Hard yakka for Bill Massey tourists in Si­nai cam­paign

Mounted New Zealand sol­diers in Si­nai found them­selves in a cam­paign gov­erned by wa­ter, writes

The Southland Times - - Flashback - Joanna Moss is Welling­ton re­gional co-or­di­na­tor for the New Zealand Friends of Is­rael, with a spe­cial in­ter­est in An­zac Is­rael. Joanna Moss.

The heat in sum­mer was so in­tense, up to 45 de­grees Cel­sius in June, that it melted some of the sol­diers’ gear and made fight­ing al­most im­pos­si­ble be­cause the metal was too hot to touch.

It has been a cen­tury since the New Zealand Mounted Ri­fles found them­selves at the turn­ing points of the Si­nai and Pales­tine cam­paigns in the Mid­dle East as a tiny part of the Al­lied forces.

While the Si­nai cam­paign (1916-17) was the first ma­jor step in the Al­lied sol­diers’ win over the Ot­toman Em­pire’s Turk­ish and Ger­man forces, in late Septem­ber 1918 the fight was not yet over.

The goal was to se­cure the Suez Canal – a vi­tal trans­port route be­tween the In­dian Ocean, the Mediter­ranean Sea and Europe – to avoid the need to travel around Africa and push the Ot­toman forces back to­wards Turkey.

The New Zealan­ders tak­ing part in the cam­paign were dis­parag­ingly called ‘‘Bill Massey’s tourists’’ but there was far more sand and thirst than tourism.

The New Zealand Mounted Ri­fles, joined by the NZ Ma­chine Gun bat­tal­ion and reg­i­ments of the Aus­tralian Light Horse Bri­gades, com­pleted their cam­paign in Jor­dan in late Septem­ber 1918.

Bill Massey’s tourists faced hard labour, a com­bi­na­tion of end­less sun, sand, heat, thirst, mos­qui­toes, flies and bore­dom cou­pled with ra­tions that lacked nu­tri­tion and be­came mo­not­o­nous to eat.

The heat in sum­mer was so in­tense, up to 45 de­grees Cel­sius in June, that it melted some of the sol­diers’ gear and made fight­ing al­most im­pos­si­ble be­cause the metal was too hot to touch.

Win­ters brought snow. Es­sen­tially, it was a cam­paign gov­erned by wa­ter, where progress could be made only when wa­ter could be as­sured for man and horses alike.

These troops re­mained be­hind in Egypt af­ter the main body left for the Western Front, af­ter Gal­lipoli, es­sen­tially to guard the canal.

In Jan­uary 1916, they trekked east­ward from Cairo along the coastal route to Rafah and into Gaza.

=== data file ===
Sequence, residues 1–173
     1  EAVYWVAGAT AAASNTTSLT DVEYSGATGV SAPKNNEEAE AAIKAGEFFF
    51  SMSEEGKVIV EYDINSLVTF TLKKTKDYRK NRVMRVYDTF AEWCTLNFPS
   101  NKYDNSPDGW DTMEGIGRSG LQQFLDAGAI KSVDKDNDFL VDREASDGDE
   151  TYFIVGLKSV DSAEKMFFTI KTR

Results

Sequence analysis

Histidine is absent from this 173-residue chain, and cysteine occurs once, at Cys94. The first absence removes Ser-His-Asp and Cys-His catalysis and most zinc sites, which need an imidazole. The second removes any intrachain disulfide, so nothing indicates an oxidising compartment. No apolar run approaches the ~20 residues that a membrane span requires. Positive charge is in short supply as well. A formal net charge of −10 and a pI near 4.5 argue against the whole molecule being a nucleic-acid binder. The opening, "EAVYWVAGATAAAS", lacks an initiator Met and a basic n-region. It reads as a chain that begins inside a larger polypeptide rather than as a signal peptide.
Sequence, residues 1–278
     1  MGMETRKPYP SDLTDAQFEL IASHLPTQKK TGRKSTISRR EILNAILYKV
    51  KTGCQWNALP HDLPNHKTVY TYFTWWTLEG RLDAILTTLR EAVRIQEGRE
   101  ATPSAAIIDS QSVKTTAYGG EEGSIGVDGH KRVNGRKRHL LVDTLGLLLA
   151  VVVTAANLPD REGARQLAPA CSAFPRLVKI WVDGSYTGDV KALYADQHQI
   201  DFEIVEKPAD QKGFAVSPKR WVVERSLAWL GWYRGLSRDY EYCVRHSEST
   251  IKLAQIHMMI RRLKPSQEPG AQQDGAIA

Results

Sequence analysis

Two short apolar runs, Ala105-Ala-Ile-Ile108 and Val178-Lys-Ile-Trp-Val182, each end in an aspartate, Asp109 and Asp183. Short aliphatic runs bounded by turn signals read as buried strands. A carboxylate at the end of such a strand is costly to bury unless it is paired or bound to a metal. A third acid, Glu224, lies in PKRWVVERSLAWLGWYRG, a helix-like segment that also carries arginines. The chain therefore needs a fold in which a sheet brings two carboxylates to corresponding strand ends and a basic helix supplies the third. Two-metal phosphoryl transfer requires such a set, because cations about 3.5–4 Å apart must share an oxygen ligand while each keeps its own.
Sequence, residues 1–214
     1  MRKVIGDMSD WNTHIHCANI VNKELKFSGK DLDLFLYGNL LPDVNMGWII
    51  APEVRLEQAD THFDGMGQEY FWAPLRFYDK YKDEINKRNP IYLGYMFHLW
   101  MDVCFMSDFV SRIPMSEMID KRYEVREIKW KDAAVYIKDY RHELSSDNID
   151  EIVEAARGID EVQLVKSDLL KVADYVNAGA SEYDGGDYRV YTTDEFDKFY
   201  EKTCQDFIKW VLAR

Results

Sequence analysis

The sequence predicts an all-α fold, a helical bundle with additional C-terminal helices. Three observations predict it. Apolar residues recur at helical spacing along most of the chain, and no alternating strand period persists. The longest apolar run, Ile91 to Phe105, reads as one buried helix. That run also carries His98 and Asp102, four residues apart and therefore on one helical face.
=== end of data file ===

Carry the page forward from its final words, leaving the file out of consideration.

In early 1917, there was an im­passe over Gaza for sev­eral months be­fore Gaza was fi­nally taken in Oc­to­ber.

From there the troops went in­land to take Tel Sheva, the an­cient mound out­side Beer­sheba, paving the way for the des­per­ate Aus­tralian charge in the dusk on Oc­to­ber 31, to cap­ture the wells.

Wa­ter re­mained scarce and so they pushed on north­ward.

The Ki­wis then fought alone at the bat­tle of Ayun Kara be­tween Ness Ziona and the mod­ern city of Ris­hon LeZion on Novem­ber 14 to ce­ment a last­ing link with its in­hab­i­tants be­cause of the Ki­wis’ hu­man­i­tar­ian ef­forts. The Turks were on the run and New Zealand sol­diers en­tered the an­cient city of Jaffa two days later to find the place aban­doned and in a des­per­ate state. A month later, the fo­cus had switched to the Judean Hills but the Ki­wis re­mained in the coastal re­gion ini­tially while Bri­tish Gen­eral Al­lenby’s forces took Jerusalem on De­cem­ber 9.

By mid-Fe­bru­ary 1918, the Ki­wis were in Beth­le­hem and head­ing down to Jeri­cho in the in­hos­pitable Jor­dan Val­ley.

They crossed the Jor­dan on March 24 but were forced to re­treat in April af­ter de­feat at Es Salt; which was later cap­tured.

The troops left the Jor­dan Val­ley in early Oc­to­ber and re­turned to their old camp­site in Ris­hon LeZion. But it would be a long time be­fore they would see home.

To­wards the end of the cam­paign, the ef­fect on the troops was ev­i­dent, they were a shadow of their for­mer selves. Many had malaria, and lice were ram­pant be­cause of a lack of wa­ter for wash­ing in.

They fought in iso­lated, harsh con­di­tions to­tally for­eign to them, a far cry from the green of colo­nial New Zealand.

New Zealan­ders played a small part in paving the way for the mod­ern state of Is­rael to be es­tab­lished and thrive.

There are 246 sol­diers who lie buried in Is­rael and Gaza, but along the way a lot more blood, sweat and tears was shed.

Mounted ri­fle troops and horses in the moun­tains of Pales­tine dur­ing the Si­nai and Pales­tine cam­paign (1916-1918) in World War I, by an uniden­ti­fied pho­tog­ra­pher. ALEXAN­DER TURN­BULL LI­BRARY


A New Zealand bat­tle­field mon­u­ment near Ness Ziona, Is­rael.


Negev Desert was a bat­tle­field in 1917.

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